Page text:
The bill makes use of all estimated annual revenues from the Inland Waterways Trust Fund (IWTF). Capital improvements to the inland waterways system[6] are generally funded 50 percent from the General Treasury and 50 percent from the IWTF, while operation and maintenance costs are funded 100 percent from the General Treasury. The IWTF is supported by a tax on barge fuel, which is currently $0.29 per gallon.[7]

Title II—Department of the Interior (Bureau of Reclamation)

H.R. 2028 provides $1.1 billion for the Department of the Interior (primarily the Bureau of Reclamation), $35.4 million below FY 2015 and $1.4 million below the budget request.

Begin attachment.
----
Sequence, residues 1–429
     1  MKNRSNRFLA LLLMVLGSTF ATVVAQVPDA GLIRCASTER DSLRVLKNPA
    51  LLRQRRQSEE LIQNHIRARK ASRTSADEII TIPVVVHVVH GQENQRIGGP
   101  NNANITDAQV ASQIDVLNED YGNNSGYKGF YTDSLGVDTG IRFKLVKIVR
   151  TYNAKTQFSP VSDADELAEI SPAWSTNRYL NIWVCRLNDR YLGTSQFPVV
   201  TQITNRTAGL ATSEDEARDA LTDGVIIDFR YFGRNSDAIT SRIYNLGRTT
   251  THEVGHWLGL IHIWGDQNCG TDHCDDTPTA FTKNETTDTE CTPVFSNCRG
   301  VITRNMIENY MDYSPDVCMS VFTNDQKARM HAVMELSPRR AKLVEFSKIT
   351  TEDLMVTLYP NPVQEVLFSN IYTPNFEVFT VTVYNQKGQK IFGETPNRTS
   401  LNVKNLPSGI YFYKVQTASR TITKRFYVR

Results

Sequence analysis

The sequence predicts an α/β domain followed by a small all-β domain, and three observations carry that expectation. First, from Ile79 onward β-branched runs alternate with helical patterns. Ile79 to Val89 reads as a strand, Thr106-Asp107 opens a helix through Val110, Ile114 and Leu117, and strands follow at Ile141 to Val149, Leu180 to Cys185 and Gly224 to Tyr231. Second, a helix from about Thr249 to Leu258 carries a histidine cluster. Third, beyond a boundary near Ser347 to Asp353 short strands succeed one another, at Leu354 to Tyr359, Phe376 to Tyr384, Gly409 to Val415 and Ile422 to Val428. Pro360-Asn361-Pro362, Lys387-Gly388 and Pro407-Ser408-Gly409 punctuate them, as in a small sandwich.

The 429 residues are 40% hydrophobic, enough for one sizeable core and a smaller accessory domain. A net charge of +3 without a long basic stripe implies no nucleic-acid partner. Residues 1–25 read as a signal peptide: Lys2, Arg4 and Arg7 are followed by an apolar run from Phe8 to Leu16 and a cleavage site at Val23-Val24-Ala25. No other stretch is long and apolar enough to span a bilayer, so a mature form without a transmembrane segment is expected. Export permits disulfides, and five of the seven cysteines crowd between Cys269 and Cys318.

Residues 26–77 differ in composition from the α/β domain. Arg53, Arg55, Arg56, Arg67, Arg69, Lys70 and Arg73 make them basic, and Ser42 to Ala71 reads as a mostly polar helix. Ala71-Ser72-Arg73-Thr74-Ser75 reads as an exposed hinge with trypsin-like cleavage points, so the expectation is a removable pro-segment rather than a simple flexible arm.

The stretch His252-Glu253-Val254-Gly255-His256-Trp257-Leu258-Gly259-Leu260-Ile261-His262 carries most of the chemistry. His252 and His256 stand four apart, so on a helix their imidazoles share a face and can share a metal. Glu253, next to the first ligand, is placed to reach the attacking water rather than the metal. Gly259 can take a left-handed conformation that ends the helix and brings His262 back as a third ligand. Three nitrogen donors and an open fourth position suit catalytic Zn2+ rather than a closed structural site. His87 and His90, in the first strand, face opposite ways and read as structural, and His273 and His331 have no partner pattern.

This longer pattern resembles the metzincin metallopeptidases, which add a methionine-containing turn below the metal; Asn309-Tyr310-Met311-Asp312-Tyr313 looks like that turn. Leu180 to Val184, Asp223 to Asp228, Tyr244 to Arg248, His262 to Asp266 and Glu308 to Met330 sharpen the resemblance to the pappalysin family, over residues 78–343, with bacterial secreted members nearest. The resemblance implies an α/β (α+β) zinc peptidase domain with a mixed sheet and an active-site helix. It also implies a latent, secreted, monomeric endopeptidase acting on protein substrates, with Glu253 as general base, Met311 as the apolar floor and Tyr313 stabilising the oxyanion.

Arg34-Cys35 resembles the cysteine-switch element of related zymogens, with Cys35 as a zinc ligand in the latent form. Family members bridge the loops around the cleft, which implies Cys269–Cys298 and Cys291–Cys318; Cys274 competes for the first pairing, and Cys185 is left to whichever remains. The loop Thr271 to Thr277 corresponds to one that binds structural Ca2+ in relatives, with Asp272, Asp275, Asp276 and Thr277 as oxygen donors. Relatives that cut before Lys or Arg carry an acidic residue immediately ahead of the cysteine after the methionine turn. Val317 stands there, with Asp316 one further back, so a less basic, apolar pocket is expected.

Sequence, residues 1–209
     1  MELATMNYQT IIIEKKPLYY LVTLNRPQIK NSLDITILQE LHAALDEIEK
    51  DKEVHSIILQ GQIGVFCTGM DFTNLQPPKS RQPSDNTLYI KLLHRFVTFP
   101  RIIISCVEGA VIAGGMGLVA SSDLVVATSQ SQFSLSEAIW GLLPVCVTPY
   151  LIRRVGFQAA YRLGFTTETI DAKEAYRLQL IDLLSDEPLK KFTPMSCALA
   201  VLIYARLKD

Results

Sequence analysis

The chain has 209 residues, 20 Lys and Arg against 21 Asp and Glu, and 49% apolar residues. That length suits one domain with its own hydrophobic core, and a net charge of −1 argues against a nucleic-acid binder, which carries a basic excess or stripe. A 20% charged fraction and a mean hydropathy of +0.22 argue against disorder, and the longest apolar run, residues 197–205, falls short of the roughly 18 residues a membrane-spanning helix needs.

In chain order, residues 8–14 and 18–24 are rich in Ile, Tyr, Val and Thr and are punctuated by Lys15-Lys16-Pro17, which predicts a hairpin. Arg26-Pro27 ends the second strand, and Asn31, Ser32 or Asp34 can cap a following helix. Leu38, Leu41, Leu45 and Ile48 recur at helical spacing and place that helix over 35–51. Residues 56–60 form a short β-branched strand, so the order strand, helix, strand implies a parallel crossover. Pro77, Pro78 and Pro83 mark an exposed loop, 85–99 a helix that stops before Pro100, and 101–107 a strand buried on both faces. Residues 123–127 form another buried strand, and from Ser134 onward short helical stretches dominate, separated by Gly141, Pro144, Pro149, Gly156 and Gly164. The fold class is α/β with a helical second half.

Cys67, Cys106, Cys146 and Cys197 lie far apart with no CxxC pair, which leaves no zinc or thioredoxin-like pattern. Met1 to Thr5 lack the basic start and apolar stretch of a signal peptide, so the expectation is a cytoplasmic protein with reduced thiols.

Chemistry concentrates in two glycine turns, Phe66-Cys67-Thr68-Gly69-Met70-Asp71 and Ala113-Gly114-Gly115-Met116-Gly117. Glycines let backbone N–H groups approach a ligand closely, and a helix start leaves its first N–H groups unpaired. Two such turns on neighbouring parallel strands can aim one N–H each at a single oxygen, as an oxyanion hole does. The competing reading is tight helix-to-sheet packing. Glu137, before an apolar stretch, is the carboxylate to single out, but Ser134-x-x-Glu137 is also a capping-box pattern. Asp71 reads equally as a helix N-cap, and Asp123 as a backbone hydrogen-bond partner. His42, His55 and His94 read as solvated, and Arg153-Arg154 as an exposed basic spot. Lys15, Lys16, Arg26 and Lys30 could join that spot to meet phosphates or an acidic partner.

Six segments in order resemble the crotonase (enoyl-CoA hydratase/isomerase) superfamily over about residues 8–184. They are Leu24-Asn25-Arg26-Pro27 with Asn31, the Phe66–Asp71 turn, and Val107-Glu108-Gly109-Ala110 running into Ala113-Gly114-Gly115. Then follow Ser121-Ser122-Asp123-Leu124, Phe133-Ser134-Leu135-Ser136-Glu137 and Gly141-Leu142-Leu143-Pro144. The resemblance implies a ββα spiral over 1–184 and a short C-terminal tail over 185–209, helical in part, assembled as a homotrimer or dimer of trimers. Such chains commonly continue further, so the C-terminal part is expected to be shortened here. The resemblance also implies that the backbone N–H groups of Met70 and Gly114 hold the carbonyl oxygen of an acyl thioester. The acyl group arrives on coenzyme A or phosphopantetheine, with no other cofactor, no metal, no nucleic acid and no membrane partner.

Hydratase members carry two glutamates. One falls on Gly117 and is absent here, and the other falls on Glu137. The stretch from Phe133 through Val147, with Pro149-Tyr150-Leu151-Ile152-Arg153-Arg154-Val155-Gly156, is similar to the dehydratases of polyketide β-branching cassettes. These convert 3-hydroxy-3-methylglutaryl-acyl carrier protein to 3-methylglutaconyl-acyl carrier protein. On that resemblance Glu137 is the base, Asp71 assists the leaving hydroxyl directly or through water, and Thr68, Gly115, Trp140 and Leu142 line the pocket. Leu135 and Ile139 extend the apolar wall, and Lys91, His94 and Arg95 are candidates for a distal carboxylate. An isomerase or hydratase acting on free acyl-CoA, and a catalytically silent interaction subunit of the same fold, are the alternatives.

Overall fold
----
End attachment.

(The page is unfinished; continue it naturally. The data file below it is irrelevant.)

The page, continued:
The bill provides $1.09 billion for the United States Bureau of Reclamation (USBR), $35.4 million below FY 2015 and $4 million below the budget request. USBR develops water supply facilities that contribute to sustained economic growth and an enhanced quality of life primarily in the western states. Lands and communities served by USBR projects have been developed to meet agricultural, tribal, urban, and industrial needs. USBR continues to develop authorized facilities to store and convey new water supplies and is the largest supplier and manager of water in the 17 western states. USBR maintains 337 reservoirs with the capacity to store 245 million acre-feet of water. Extensive and exceptional drought continues to plague the Western United States. The Committee notes that, with last year’s passage of California’s Proposition 1, the California Water Commission is expected to begin in early 2017 allocating $2.7 billion in funding for the public benefits of water storage projects. The bill encourages USBR, in consultation with other relevant Federal agencies, to review planned activities, including schedules, to ensure that Federal actions do not needlessly inhibit the ability of local entities to compete for these state funds. [8]